The locus of power is not with me, neither of us is in control, and true consent depends on a mutual understanding of that.

The issues of information and consent are of interest to an invisible third party to this conversation, as well: my professional liability insurance carrier. Most policies require that I have the patient sign an “informed consent.” These documents usually lay out the potential harms like bruising or bleeding, so the patient can sign that they are aware of these possibilities and want to get treated anyway. I’ve always found these artifacts of a litigious society kind of sad and discordant with the culture of safety and continuous consent I aim for in my clinic. They seem like the red tape version of “good fences make good neighbors.” I prefer swapping cookies and stories as my way of being neighborly. To support a safer environment at the clinic, what I’m talking about goes way beyond a hurried signature; it’s more like “informed consent deluxe.”

A safer clinic environment requires that, together, we are really clear about what could go right and what could go wrong, and that the decision to move ahead with a treatment is a distinct and affirmative moment. As the acupuncturist, asking for - and waiting for - a solid “yes” is one skill. As the patient, clearly communicating a “yes” - while securely feeling the absolute right to say “no” - is another skill. These are the very same skills that are taught to teens and others who are learning consent-based touch, and they are not as common in our culture as they could be. If we were more skilled at these two sides of asking for and delivering consent, our culture would be a much safer place to be; in fact there are sub-cultures where these practices are much more common. Like in the polyamory and kink communities.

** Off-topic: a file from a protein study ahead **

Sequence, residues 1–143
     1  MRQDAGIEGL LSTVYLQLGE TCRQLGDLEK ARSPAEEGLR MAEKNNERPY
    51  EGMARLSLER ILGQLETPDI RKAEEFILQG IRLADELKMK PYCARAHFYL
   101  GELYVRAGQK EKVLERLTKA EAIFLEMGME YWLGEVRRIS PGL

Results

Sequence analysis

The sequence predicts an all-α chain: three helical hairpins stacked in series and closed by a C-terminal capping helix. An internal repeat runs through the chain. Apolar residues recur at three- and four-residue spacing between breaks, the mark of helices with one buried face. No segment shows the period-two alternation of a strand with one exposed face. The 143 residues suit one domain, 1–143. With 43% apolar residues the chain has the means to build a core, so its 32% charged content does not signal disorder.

The moment where a patient’s consent is being established for the first time, it’s my job to fill out that “Maybe” answer. I have found that some people verbalize these questions and some don’t, but I approach every new patient encounter assuming they are wondering, and boy do I have things to say. I have an agenda. That agenda includes bringing everything I’ve learned from 11 years of experience to add color and texture to that “Maybe” answer.